February will be a mentally and physically challenging month for Utah and every team in the conference.
“I think for the rest of the games, you know, we’re the underdog. I really believe that. In February, the toughest teams win — mentally, physically, the toughest teams win,” Roberts said.
How will Pac-12 play prepare Utah for the NCAA Tournament?
One of the hallmarks of the Pac-12, traditionally one of the top conferences in women’s basketball, is the parity that’s been on display throughout league play.
Behind league leader Stanford, there’s a logjam of six schools all within 2.5 games of each other in the standings.
Last weekend, the Utes’ two upcoming opponents both went on the road and sprang upsets. Washington went in and beat then-No. 11 USC at the Galen Center, while Washington State knocked off then-No. 2 UCLA at historic Pauley Pavilion.
Regarding Washington, Roberts said, “They run their offense for 20-25 seconds, it’s really hard to speed them up. They’re really effective with it. And then defensively, they just kind of play percentage D. They play really hard.”
As for the Cougars? “Washington State is always really hard to beat. Pullman’s a tough place to win. I don’t know why, it’s a hard place to play,” Roberts said.
In ESPN’s latest bracketology, Creme predicts that eight Pac-12 teams will make the NCAA Tournament. Among those, Stanford, UCLA and Colorado are considered strong candidates for a No. 1 seed.
With two-thirds of the Pac-12 field projected to make the NCAAs, league play can be beneficial come NCAA Tournament time — the grind of the conference season can lead to more seasoned groups come postseason time.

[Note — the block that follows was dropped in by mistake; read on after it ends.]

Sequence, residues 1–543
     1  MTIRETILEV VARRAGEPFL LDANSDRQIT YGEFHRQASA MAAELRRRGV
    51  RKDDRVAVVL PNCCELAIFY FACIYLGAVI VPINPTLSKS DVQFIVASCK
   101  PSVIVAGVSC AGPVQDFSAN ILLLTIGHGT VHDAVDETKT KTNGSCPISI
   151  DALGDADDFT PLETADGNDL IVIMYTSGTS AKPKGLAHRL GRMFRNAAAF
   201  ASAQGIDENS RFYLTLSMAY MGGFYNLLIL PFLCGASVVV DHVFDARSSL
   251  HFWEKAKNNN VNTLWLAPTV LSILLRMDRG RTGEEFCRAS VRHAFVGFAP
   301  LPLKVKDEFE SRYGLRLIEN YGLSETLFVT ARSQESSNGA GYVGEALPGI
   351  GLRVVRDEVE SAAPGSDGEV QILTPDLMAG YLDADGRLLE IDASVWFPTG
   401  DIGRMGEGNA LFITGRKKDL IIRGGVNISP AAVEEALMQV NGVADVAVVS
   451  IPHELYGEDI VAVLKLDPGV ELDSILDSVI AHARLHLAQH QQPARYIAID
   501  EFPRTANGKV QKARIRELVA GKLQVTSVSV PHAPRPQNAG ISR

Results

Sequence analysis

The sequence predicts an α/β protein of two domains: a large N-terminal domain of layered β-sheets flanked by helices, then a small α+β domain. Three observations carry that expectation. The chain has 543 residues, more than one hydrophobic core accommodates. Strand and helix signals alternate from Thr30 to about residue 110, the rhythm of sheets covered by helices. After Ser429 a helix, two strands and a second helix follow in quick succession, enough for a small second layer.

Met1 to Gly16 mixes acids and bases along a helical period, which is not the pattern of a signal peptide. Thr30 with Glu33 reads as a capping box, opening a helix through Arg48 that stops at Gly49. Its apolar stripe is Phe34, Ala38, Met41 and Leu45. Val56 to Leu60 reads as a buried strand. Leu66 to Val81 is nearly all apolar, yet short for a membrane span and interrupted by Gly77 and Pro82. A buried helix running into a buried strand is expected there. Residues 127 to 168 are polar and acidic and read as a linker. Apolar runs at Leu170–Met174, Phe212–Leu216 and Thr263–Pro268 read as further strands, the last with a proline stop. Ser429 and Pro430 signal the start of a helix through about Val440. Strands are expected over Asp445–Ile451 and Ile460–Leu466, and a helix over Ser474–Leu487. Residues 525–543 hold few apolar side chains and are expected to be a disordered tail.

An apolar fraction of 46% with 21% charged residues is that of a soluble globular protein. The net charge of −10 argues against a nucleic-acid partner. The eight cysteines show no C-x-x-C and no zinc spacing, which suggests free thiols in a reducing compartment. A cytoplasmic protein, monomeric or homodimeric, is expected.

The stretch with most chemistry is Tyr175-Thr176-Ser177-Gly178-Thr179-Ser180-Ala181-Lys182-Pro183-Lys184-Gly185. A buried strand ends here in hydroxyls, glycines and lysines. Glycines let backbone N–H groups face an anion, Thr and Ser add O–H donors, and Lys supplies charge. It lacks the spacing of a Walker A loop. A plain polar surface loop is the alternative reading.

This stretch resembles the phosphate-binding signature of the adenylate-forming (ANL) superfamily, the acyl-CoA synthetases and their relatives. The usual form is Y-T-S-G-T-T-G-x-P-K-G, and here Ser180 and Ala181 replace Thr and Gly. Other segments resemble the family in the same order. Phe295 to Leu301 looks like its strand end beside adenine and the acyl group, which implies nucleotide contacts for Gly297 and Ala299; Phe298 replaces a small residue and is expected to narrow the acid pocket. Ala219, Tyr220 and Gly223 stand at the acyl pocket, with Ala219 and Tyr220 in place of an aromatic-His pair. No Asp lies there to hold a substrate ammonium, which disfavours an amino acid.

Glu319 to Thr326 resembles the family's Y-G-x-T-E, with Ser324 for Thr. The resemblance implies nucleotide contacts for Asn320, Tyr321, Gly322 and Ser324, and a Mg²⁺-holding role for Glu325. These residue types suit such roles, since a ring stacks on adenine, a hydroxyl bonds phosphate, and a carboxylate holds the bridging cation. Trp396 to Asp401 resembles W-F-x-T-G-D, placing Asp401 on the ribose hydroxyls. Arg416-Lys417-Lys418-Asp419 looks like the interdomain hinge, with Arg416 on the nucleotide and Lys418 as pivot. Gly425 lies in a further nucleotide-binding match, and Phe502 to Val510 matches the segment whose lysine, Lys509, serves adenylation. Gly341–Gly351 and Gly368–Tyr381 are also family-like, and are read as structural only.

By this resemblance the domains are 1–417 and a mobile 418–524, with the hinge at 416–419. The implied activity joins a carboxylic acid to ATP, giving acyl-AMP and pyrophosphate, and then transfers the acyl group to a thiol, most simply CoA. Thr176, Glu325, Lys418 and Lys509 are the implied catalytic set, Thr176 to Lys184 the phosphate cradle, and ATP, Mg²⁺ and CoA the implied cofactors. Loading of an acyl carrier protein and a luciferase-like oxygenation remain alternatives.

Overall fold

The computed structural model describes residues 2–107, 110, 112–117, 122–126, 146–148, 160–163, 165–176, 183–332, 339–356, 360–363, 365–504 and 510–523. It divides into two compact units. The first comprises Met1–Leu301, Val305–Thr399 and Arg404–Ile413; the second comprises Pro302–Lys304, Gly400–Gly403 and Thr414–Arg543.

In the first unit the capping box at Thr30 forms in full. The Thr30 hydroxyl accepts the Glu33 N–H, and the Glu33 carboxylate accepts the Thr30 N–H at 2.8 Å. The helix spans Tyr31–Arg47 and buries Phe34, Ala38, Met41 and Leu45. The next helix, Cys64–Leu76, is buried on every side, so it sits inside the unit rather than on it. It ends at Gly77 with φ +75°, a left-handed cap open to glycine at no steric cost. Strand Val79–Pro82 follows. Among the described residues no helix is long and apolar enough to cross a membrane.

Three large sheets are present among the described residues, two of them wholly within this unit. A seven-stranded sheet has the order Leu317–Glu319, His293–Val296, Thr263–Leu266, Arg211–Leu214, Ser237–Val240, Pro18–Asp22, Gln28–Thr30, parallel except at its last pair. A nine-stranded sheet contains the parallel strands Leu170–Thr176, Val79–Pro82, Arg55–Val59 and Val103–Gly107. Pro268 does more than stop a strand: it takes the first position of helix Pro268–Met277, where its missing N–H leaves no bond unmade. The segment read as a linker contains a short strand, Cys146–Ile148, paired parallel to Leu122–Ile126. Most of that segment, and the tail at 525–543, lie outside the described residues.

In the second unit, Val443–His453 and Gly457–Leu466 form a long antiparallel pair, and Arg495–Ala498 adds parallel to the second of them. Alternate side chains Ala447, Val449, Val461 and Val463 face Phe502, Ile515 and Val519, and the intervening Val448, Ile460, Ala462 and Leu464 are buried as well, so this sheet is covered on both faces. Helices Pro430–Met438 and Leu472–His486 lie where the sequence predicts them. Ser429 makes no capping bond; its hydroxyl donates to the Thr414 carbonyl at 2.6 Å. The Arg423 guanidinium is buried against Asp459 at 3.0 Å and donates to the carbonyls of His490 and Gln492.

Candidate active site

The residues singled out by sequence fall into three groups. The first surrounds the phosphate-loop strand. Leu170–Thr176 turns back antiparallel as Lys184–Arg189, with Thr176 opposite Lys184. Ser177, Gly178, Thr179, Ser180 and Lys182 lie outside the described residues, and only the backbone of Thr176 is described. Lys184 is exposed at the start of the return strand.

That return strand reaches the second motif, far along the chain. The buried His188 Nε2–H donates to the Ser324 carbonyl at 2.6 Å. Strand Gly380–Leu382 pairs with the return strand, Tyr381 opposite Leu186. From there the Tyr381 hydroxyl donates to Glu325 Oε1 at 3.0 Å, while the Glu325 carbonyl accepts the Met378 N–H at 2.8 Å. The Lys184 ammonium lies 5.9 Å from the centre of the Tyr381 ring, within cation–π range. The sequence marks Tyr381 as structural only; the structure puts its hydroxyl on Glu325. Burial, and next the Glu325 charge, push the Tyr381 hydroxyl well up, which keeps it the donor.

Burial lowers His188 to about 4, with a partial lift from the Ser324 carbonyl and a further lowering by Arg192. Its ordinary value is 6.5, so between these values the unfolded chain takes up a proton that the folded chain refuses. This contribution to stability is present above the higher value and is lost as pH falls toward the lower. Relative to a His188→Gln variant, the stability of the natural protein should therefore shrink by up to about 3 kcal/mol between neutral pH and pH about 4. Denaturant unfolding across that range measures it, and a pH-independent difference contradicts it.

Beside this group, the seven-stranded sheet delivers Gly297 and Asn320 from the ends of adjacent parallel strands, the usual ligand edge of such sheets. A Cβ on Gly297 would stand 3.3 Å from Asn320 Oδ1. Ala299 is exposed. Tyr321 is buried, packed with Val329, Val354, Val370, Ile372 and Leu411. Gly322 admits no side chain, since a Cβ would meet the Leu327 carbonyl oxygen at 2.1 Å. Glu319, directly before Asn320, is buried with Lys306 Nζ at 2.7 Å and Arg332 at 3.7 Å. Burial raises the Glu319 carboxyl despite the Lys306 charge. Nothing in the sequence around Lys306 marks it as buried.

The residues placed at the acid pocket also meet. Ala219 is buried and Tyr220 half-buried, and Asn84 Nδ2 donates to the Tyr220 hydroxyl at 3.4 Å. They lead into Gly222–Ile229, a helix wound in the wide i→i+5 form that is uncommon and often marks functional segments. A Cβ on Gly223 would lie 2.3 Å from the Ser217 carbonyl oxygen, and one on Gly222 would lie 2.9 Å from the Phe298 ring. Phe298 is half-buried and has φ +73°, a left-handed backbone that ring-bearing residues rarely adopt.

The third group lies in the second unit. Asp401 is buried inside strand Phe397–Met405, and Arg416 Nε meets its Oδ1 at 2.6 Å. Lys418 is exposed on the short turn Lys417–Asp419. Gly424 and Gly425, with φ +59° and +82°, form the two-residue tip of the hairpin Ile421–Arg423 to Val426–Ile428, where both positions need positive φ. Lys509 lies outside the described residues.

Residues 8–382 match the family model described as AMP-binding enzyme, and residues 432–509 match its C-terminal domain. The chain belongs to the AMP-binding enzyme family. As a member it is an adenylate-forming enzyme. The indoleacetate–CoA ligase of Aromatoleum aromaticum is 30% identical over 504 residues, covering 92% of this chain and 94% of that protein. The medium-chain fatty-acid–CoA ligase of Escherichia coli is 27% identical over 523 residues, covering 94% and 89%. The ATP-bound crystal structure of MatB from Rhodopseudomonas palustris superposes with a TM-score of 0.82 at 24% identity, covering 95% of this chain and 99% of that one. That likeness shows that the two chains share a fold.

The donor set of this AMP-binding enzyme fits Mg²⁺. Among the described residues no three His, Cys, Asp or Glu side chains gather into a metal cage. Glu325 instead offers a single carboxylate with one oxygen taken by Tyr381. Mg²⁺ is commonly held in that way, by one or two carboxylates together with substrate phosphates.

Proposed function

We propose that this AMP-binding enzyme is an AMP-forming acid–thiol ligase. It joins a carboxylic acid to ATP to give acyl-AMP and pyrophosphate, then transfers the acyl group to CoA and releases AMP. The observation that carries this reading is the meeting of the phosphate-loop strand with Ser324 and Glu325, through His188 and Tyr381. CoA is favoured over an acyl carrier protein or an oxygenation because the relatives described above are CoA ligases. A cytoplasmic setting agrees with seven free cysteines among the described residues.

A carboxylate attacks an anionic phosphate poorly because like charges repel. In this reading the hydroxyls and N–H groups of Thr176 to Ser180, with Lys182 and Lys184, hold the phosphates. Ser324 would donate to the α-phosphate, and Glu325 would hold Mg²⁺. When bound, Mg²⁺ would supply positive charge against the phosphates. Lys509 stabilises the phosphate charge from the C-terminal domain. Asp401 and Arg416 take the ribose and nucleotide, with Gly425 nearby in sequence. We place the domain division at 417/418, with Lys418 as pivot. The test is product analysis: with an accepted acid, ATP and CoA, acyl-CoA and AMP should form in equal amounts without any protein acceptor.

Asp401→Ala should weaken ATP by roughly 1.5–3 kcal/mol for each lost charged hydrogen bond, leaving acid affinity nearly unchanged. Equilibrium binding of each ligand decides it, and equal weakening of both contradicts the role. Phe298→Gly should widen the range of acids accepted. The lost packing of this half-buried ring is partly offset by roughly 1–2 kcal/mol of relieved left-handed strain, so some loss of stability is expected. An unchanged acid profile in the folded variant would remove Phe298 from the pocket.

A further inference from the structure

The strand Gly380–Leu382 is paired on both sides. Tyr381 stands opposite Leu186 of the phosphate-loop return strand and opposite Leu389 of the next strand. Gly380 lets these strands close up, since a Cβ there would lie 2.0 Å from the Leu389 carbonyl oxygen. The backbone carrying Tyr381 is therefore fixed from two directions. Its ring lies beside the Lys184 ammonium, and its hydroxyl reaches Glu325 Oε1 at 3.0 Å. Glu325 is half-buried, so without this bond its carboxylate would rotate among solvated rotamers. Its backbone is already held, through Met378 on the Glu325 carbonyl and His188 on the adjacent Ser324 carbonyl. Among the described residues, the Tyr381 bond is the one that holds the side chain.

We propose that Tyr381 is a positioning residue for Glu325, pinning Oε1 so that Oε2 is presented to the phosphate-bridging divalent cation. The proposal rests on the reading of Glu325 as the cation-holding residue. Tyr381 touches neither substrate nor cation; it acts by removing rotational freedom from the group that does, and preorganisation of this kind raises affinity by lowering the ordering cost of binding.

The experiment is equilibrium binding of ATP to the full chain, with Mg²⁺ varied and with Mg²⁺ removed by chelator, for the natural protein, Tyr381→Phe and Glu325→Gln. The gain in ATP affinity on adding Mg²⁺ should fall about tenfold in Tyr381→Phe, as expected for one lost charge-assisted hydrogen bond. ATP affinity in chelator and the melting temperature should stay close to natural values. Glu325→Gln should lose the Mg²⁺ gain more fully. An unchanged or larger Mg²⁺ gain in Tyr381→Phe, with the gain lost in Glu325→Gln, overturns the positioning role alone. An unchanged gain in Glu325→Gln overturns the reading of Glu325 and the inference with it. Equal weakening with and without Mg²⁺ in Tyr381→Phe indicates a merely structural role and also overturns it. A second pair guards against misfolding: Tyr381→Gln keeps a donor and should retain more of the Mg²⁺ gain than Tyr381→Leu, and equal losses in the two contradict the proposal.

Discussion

“One through 12, everyone’s competitive,” Palmer said of competing in the Pac-12. “If you slip up, you’re susceptible to a loss. I think it helps us because in March, it’s survive and advance. As soon as you lose, you’re out. So that mentality is kind of emulated in the Pac 12 because if you don’t come to play on one game, one night, you lose. It can be anyone’s game.”
Who is the X-factor for this team?
While Pili — who averages 22.3 points and 5.7 rebounds per game — is the driving force behind the Utes’ efforts, there are several others making key contributions on an almost nightly basis.
Which one of those could be the X-factor as the season winds down?
Particularly since Kneepkens’ injury, juniors Kennady McQueen and Jenna Johnson have been the team’s primary scorers behind Pili, while also impacting the game in other ways — McQueen with her ability to distribute the ball and Johnson with her defensive toughness.
Junior Ines Vieira, who took over Palmer’s starting point guard spot and has thrived, is averaging 8 points, 6.3 assists and 2.9 steals per game, using her speed and athleticism to frustrate opposing teams.
Palmer is still getting back to full strength — a process where she’s “slowly starting to feel like myself again” — but was averaging 14 points per game before her injury; the senior guard has shown throughout her college career to be a reliable contributor in multiple ways.
There’s also sophomore guard Maty Wilke, the Wisconsin transfer who took some time to acclimate to her new team but has been on a hot streak in recent weeks.
During Utah’s last six games, she’s averaged 11.5 points while shooting 51% from the floor and has averaged nearly two steals per game.
In conference play, Wilke has hit a team-leading 20 3-pointers, all while being one of the first players coming off the bench.
“Maty obviously struggled like a little bit preseason, but she’s an awesome player,” Palmer said of her teammate. “We’ve seen that the last few weeks in conference play. She’s really been a lot for us — the X-factor — with her just hitting big-time shots. She can shoot the ball and make plays and she’s also good on defense, too.”